By Michael Miller
Planned Acts of Christian Kindness opens a door for sharing the Gospel in ways that other methods struggle to provide, says founder Jeff Van Beaver.
Created by Jeff in 2002 and based in Green Bay, Wisconsin, PACK is the evangelistic method offered by Acts 1:8 Ministry. The idea is as simple as it is profound:
Unexpectedly do something kind for someone in a public venue. Pray with them. Give them something, no strings attached. When they ask why you’re doing it, tell them it’s because of Jesus.
Jeff was chairman of his church’s evangelism board in May 2002 when his pastor asked him to read Steve Sjogren’s Conspiracy of Kindness, a popular book that promotes servant evangelism. He wanted Jeff to see if the church could implement the philosophy behind it in some way. When Jeff read the book, he says, “it hit me that, yeah, the masses can do this.”
The first outreach his church tried along these lines was to offer to pray for people in a shopping mall parking lot.
“Individuals were just so blown away that they were receiving acts of Christian kindness that they were just opening up to prayer,” he says. “People were pouring out their problems.”
Until then, the congregation’s outreach was the traditional door-to-door type.
“What we found is that (door-to-door) is not as effective,” Jeff says. “People get beat up emotionally in the sense of having doors slammed in their face. It’s a very difficult evangelistic method and it’s very difficult to get people to say, ‘I’m all in on this,’ but it’s still the traditional method that a lot of church bodies are using. We’re saying that a much more effective way of opening the door to share the Gospel and connect people to Christ is to do a simple act of Christian kindness.”
The person on the receiving end of the kindness will typically ask why the giver is doing what he or she is doing.
“They’re skeptical, but they ask questions,” Jeff says. “That opens the door to sharing: sharing what Christ means to us, sharing the Gospel. So it’s a door-opener. People want to know that we care before they’ll open their hearts. It’s one of those critical factors with human relationships: Do we really care?”
Jeff didn’t intend to make the evangelism approach, which he called Planned Acts of Christian Kindness, or PACK, into a full-time gig.
“I ran my own tool company,” he says. “It was keeping me crazy busy in a good way.”
Then one July, Jeff received a vision in his sleep showing him that he was supposed to give away his million-dollar company that made “substantial profits.”
“A week later, a lady called me and said, ‘Do you know of anybody trying to get rid of a company?’” Jeff says. “I said, ‘You and I need to talk. It appears you’re the one that the Lord had in mind to take this.’”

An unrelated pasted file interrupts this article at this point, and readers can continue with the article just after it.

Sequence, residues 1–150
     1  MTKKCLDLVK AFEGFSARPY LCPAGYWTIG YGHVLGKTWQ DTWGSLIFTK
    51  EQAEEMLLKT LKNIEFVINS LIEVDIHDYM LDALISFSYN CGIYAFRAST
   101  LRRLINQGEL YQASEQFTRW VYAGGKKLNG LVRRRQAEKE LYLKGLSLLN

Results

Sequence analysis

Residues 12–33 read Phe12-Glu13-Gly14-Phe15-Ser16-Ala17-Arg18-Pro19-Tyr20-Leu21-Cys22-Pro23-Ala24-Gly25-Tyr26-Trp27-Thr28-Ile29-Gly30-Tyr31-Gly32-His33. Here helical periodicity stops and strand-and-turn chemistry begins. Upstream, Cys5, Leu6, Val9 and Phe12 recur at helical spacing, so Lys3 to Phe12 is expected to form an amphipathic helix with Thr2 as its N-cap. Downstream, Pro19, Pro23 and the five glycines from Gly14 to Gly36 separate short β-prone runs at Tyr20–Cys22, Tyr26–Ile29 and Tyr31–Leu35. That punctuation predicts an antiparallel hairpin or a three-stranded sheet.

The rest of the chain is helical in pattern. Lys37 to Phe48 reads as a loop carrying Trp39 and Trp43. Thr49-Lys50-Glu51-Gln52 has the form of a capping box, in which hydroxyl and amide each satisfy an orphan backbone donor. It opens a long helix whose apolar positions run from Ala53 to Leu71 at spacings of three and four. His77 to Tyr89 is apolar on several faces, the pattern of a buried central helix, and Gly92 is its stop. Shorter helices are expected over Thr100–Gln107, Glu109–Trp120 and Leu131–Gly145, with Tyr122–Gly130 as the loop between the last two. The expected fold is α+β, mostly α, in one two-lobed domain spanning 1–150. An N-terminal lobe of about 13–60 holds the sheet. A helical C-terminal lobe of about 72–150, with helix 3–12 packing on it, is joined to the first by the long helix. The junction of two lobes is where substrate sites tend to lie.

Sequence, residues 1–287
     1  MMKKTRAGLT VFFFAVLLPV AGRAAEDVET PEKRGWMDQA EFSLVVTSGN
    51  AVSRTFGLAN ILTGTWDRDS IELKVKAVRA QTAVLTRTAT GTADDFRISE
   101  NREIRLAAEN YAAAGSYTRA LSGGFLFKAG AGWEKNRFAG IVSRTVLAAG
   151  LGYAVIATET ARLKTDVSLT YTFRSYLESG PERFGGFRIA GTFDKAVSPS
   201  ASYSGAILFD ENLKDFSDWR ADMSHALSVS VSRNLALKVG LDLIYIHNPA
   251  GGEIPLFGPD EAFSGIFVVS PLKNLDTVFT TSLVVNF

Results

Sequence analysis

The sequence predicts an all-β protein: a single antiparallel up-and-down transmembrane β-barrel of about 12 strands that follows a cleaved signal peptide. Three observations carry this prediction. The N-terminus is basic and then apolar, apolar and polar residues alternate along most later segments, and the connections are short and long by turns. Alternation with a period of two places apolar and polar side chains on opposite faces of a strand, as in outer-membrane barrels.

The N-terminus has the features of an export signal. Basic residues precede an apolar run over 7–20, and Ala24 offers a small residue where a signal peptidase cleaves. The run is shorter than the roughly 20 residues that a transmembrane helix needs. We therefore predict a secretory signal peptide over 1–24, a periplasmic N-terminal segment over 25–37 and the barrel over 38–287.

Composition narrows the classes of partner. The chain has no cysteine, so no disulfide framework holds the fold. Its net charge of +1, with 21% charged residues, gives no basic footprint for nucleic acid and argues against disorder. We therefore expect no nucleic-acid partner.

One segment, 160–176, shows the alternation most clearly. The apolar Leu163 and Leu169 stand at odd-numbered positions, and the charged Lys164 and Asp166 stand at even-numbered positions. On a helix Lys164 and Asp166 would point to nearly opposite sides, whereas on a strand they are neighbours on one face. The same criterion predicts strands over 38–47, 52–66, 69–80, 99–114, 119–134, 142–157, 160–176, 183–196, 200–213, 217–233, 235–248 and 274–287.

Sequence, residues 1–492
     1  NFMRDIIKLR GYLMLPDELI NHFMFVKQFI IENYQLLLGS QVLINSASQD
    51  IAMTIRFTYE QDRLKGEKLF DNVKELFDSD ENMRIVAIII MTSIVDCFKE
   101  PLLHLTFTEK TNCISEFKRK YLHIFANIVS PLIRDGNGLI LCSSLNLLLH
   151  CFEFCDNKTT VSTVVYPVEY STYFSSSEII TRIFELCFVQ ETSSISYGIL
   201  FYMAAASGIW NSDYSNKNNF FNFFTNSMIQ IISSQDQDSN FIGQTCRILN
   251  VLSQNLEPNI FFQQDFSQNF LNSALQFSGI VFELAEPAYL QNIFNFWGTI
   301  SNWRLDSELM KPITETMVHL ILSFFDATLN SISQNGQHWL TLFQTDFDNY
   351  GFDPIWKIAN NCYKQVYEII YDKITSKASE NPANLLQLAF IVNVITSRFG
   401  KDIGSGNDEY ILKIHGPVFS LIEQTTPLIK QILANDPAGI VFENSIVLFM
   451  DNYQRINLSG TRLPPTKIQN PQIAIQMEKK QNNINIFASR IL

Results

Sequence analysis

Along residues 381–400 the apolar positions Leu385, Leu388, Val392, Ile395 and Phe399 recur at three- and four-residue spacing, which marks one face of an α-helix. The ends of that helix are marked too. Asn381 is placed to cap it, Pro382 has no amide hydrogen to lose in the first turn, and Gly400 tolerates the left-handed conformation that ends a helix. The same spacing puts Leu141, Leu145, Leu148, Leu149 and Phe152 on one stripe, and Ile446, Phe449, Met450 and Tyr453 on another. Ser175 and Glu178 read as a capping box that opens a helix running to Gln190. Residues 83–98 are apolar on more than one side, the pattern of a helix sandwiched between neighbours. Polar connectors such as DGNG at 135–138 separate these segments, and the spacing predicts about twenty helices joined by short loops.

Jeff sold the company to the Christian woman for $1. He and his wife, Tammy, trusted the Lord to provide as they began Acts 1:8.
“I think it was hard on my wife, of course, when you go from that security blanket of lots of money to nothing, but we never had a doubt,” Jeff says. “We moved forward, and God did provide. Still does, to this day 13 years later.”
That step of faith led to the creation of Acts 1:8. The PACK approach began to get a workout. Acts 1:8 developed equipping material for congregations and individuals to help them start their own PACK programs. It’s all still free upon request at acts18.org, which is entirely supported by donations. Besides the training materials, Acts 1:8 also offers staff support by phone, email, and social media.
The material includes how to get people involved, find funding, and create awareness in the community and media.
Acts 1:8 has now partnered with more than 2,000 churches in all 50 states and 43 countries, with PACK being practiced in places as diverse as Canada, Pakistan, and Afghanistan, Africa, and the Middle East.
“We have had less interest from Europe, but it’s a target area,” Jeff says. “We’re starting to make some penetration into areas like China now, so we’re excited about that.”
PACK has been used in a variety of ways. In the U.S., congregations have offered:
- Free gift-wrapping at Christmas.
- Free flowers for Valentine’s Day.
- $2 bills handed to people at gas pumps.
In one case, a church “bought down” gas one day when it was near $4 a gallon, paying 50 cents or so per gallon up to a set amount for customers.
There’s a definite difference between wealthy and poor countries in how PACK is used.
“Churches in third-world countries have a much more humbling approach, giving away the most basic things of life: food, water, shelter, and medical resources,” Jeff says.
The way in which the Gospel is shared through PACK is also different, he says.
“In the United States, we found it was ineffective to proclaim right away the Word of God,” Jeff says. “We found it was more effective when people asked on their own. But the opposite is true in the third world, where you proclaim it right away because people are more open to it, and it is more effective. The ones who don’t have much want to hear. The ones who have much don’t want to hear unless they ask.”
Acts 1:8 is a good resource not only for larger churches that already have outreach programs, but also for smaller churches that don’t have the staff to develop their own programs from scratch.
“We would be their support team to help them reach out,” Jeff says.
No matter how creative, though, a PACK outreach is still aimed at three things, Jeff says: “Caring through kindness, sharing the Gospel, and connecting people to Christ.”
“Care, share, connect.”